Petroleos Mexicanos, Mexico’s state-owned oil producer, is considering securitizing some assets in a way tailored to attract national pension funds to unlock money for its equipment needs.
Pemex, as the company is known, is reviewing packaging assets or projects into trust certificates or other instruments to tap into the funds from the nation’s growing pension system, Chief Executive Officer Emilio Lozoya and Exploration and Production Director Carlos Morales told reporters yesterday.
Listing assets “can lower the funding costs for Pemex,” Morales said. The company hasn’t decided what kind of securitization it may use and whether it will need to create new companies or trusts as a first step, he said.
Pemex wants to tap into growing demand from pension funds, Mexico’s largest institutional investors, after their holdings of structured assets grew to $6.16 billion in April, or 3.8 percent of their portfolio, from zero less than five years ago. Pemex needs about $2 billion to fund off-shore rigs and $200 million for marine storage facilities, Morales said.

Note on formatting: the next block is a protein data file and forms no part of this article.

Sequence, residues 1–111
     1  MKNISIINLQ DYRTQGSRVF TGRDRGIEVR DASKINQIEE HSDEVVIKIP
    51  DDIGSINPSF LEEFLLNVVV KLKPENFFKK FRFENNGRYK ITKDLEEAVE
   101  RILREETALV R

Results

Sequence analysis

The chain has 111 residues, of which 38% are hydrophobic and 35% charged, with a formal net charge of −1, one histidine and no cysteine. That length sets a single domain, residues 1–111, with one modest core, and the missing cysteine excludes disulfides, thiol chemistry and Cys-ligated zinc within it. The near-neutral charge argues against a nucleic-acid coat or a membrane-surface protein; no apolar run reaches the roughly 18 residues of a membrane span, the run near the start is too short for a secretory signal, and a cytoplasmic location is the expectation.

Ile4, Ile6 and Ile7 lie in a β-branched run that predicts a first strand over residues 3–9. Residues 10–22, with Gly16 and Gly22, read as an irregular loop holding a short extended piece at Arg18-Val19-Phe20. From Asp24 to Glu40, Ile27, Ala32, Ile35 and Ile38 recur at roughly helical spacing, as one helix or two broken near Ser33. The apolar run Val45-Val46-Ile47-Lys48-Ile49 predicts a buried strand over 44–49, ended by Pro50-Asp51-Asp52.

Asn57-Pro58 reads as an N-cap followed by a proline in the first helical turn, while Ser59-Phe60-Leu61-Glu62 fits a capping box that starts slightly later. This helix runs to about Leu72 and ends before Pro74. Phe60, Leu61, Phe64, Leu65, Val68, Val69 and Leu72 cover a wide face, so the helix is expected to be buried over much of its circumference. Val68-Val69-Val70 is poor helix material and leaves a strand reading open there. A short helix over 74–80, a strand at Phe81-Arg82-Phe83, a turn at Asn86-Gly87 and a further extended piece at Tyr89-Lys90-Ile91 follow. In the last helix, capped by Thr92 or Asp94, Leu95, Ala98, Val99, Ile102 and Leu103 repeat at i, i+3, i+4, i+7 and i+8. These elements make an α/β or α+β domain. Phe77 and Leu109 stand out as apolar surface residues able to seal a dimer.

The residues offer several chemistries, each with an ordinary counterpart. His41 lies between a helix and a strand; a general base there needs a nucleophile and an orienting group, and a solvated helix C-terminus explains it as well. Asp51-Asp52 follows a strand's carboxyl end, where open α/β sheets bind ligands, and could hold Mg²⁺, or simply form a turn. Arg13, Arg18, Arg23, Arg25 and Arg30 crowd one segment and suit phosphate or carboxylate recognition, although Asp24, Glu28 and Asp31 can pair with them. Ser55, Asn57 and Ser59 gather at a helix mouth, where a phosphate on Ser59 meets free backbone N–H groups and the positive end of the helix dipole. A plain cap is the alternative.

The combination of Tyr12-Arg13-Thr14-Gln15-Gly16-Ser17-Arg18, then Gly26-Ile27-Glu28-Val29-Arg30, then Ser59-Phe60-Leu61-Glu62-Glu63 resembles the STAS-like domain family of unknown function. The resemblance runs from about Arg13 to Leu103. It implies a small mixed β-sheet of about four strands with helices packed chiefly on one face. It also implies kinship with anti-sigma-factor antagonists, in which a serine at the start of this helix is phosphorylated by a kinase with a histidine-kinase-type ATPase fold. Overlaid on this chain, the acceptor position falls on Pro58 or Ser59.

Creating instruments that satisfy demand from the pension funds, known locally as Afores, would reduce financing costs, Lozoya said.
“Without doubt this would be cheaper than a regular credit line,” Morales said.
Toe Matsumura, a stock and REIT analyst with Corp. Actinver SAB said that any asset with a constant flow of revenue can be securitized in a similar way to real estate investment trusts, known locally as Fibras.
You can “offer the market a piece of a building that expects rent payments, the same way you can offer a piece of a rig that is being leased or a highway that is getting toll fees,” Matsumura said.
Mexican pension funds’ total assets under management will increase 80 percent to 3.6 trillion pesos ($281 billion) by 2018, Carlos Ramirez, head of the system’s regulator known as Consar, said March 21.
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